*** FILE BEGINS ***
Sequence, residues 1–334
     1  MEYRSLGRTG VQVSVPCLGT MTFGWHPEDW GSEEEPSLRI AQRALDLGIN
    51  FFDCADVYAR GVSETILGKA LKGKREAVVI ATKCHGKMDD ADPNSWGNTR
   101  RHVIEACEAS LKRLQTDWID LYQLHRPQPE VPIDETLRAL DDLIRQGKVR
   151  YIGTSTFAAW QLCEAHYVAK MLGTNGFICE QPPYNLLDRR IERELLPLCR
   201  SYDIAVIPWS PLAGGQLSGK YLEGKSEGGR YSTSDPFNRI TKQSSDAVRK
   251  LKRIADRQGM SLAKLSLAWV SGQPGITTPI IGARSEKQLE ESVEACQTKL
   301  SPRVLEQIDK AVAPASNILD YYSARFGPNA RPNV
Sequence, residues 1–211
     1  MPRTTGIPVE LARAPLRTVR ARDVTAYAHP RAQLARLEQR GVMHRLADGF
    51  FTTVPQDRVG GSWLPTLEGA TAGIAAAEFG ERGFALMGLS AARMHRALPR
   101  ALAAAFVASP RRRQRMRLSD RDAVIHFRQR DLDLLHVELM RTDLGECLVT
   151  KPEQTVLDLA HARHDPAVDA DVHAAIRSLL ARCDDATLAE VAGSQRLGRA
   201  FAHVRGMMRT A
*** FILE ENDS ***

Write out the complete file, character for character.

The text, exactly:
Sequence, residues 1–334
     1  MEYRSLGRTG VQVSVPCLGT MTFGWHPEDW GSEEEPSLRI AQRALDLGIN
    51  FFDCADVYAR GVSETILGKA LKGKREAVVI ATKCHGKMDD ADPNSWGNTR
   101  RHVIEACEAS LKRLQTDWID LYQLHRPQPE VPIDETLRAL DDLIRQGKVR
   151  YIGTSTFAAW QLCEAHYVAK MLGTNGFICE QPPYNLLDRR IERELLPLCR
   201  SYDIAVIPWS PLAGGQLSGK YLEGKSEGGR YSTSDPFNRI TKQSSDAVRK
   251  LKRIADRQGM SLAKLSLAWV SGQPGITTPI IGARSEKQLE ESVEACQTKL
   301  SPRVLEQIDK AVAPASNILD YYSARFGPNA RPNV
Sequence, residues 1–211
     1  MPRTTGIPVE LARAPLRTVR ARDVTAYAHP RAQLARLEQR GVMHRLADGF
    51  FTTVPQDRVG GSWLPTLEGA TAGIAAAEFG ERGFALMGLS AARMHRALPR
   101  ALAAAFVASP RRRQRMRLSD RDAVIHFRQR DLDLLHVELM RTDLGECLVT
   151  KPEQTVLDLA HARHDPAVDA DVHAAIRSLL ARCDDATLAE VAGSQRLGRA
   201  FAHVRGMMRT A